Her interest in fashion design has been consistently present throughout her acting career, particularly because of her fashion model past and the interest in it that began in her childhood years. Sevigny has since released several collections designed by herself as well in collaboration with others, first beginning in 2007. Her most recent collection was a new line of clothing released in fall 2009 for the Manhattan boutique, Opening Ceremony. In a 2000 interview, she cited the Australian film Picnic at Hanging Rock (1975), which features schoolgirls dressed in elaborate Victorian clothing, as an inspiration for her clothing style; she has also cited it as one of her favorite films. In terms of musical taste, Sevigny is a notorious fan of 1980s rock band The Smiths, and particularly the lead singer, Morrissey; she has also listed Kate Bush, Slint, Brian Eno, and Nico as musicians whose albums she loved.
Sevigny is a practicing Roman Catholic, although she admits she rebelled against religion as a teenager. She said she began attending mass again after playing a Satan-worshipping, Pentecostal teenage murderer in a 1998 off-Broadway production of Hazelwood Junior High: "I had to murder this girl every night on stage, and you know, sodomize her and light her on fire and I got really disturbed. I started having nightmares and thinking horrible things."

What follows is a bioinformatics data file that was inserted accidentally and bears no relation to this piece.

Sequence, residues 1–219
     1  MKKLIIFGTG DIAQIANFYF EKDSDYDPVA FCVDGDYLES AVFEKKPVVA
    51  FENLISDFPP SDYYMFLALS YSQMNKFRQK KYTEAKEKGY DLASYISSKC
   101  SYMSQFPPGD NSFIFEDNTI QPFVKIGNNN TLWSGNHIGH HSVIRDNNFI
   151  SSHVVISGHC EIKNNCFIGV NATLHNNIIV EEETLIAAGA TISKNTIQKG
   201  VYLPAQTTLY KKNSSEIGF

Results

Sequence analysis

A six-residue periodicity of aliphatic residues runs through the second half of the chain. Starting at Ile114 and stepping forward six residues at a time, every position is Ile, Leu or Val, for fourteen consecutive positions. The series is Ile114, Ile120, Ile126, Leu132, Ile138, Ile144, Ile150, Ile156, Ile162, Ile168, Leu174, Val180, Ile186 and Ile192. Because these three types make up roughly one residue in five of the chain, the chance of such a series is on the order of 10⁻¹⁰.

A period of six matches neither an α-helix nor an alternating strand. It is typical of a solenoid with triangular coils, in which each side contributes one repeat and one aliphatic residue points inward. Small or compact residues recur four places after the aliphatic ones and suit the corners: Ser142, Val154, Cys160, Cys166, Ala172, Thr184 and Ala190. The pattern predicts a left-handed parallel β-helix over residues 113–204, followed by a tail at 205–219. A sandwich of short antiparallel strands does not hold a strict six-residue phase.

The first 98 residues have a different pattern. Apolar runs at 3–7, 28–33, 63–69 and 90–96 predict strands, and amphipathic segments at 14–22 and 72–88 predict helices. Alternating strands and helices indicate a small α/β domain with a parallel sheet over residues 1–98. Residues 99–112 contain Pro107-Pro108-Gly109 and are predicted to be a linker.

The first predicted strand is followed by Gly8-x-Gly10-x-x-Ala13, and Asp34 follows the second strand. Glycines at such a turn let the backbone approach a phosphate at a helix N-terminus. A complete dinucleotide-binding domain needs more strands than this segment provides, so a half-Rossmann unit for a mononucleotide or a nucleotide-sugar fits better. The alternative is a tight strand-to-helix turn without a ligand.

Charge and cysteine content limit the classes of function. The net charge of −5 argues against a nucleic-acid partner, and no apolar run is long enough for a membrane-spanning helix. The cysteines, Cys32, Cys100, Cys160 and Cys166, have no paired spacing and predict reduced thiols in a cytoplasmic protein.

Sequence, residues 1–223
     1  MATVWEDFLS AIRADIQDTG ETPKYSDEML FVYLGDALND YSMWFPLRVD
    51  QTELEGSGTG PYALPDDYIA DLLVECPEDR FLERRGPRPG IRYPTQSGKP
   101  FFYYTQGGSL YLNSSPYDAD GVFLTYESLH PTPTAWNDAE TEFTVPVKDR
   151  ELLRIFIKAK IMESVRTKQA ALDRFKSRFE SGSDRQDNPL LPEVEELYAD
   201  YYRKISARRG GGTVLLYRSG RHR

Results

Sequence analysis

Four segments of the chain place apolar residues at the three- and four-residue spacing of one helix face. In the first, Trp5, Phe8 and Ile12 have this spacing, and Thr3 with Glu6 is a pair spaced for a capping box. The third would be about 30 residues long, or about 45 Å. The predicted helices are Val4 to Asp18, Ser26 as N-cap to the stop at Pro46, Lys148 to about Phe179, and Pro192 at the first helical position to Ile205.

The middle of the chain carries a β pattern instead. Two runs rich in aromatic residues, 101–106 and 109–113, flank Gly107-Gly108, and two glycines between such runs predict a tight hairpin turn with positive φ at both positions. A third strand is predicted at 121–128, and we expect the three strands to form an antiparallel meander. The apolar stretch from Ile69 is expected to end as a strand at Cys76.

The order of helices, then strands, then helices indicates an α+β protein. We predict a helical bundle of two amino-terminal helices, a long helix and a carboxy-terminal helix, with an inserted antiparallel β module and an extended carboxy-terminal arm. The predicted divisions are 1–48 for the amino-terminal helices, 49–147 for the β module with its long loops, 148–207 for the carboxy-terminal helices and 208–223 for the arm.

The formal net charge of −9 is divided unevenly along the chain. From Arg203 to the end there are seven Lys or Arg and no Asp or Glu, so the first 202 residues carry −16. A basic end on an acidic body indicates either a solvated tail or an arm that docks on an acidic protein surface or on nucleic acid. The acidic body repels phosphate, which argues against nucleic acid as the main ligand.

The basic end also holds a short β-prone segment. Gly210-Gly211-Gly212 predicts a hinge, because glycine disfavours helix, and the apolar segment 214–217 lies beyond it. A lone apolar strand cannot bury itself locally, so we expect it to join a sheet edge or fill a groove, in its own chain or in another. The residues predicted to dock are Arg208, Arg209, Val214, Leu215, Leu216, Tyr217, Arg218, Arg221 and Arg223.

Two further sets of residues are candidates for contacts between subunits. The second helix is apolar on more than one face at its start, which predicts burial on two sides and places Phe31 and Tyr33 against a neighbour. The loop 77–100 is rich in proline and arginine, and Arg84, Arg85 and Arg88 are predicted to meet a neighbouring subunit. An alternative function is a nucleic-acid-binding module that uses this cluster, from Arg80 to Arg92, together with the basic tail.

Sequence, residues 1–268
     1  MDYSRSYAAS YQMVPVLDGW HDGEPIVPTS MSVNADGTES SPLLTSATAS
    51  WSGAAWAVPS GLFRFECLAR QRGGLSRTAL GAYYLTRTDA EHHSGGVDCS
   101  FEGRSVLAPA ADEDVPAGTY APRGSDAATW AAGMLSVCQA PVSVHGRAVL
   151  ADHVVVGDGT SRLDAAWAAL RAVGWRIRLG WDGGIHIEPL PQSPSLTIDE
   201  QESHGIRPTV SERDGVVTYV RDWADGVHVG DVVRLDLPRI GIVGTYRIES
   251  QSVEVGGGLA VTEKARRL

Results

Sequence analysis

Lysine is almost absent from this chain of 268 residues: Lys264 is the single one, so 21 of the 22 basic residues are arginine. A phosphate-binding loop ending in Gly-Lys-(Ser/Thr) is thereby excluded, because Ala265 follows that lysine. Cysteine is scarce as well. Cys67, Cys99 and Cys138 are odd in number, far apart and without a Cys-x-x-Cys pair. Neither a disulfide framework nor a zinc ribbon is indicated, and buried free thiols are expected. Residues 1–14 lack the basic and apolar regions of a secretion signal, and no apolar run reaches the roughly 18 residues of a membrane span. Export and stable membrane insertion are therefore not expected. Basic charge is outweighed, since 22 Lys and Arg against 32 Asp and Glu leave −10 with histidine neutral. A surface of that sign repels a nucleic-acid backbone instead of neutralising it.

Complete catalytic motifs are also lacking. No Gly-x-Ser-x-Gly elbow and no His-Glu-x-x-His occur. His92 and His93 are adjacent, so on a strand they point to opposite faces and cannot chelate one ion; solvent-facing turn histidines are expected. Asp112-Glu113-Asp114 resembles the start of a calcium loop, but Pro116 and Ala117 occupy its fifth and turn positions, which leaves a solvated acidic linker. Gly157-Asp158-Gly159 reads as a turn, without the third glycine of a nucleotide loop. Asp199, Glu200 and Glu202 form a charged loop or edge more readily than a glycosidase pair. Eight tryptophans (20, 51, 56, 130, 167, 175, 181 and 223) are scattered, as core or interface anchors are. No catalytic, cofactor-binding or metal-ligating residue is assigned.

Sevigny has pursued various relationships with high-profile men throughout her life, though in 2006 she stated to the New York Post Gossip column: "I've questioned issues of gender and sexuality since I was a teenager, and I did some experimenting." Sevigny has also accumulated a fairly large gay fanbase due to her appearances in various LGBT-themed films (Boys Don't Cry, If These Walls Could Talk 2, Party Monster). Following her relationship with Harmony Korine (which ended in the late 1990s), Sevigny dated British musician Jarvis Cocker, and later Matt McAuley, a member of the noise-rock band A.R.E. Weapons. Sevigny and McAuley ended their relationship in late 2007, after being together for nearly eight years.
In a 2009 interview, Sevigny reflected on her career, and said she was content with the level of stardom she'd maintained: "When I was in my early 20s, I went out with a British pop star, Jarvis Cocker; of course, pop stars have much more celebrity, I think, than actors even. Theyíre really hunted by their fans much more. I remember driving around these remote towns in Wales and kids running after us in the street. I was like, "This is horrible!" And I saw the effect it had on him, and thatís when I decided I never wanted to be a celebrity at that level, and I think thatís why Iíve chosen to do the work that I do and just kind of work with directors that I love and try and do work that means something to me."


ChloŽ Sevigny - Personal Quotes


"I am most proud of my integrity and least proud of my cynicism."

I've always made films that are sort of avant-garde-y or whatever you call it.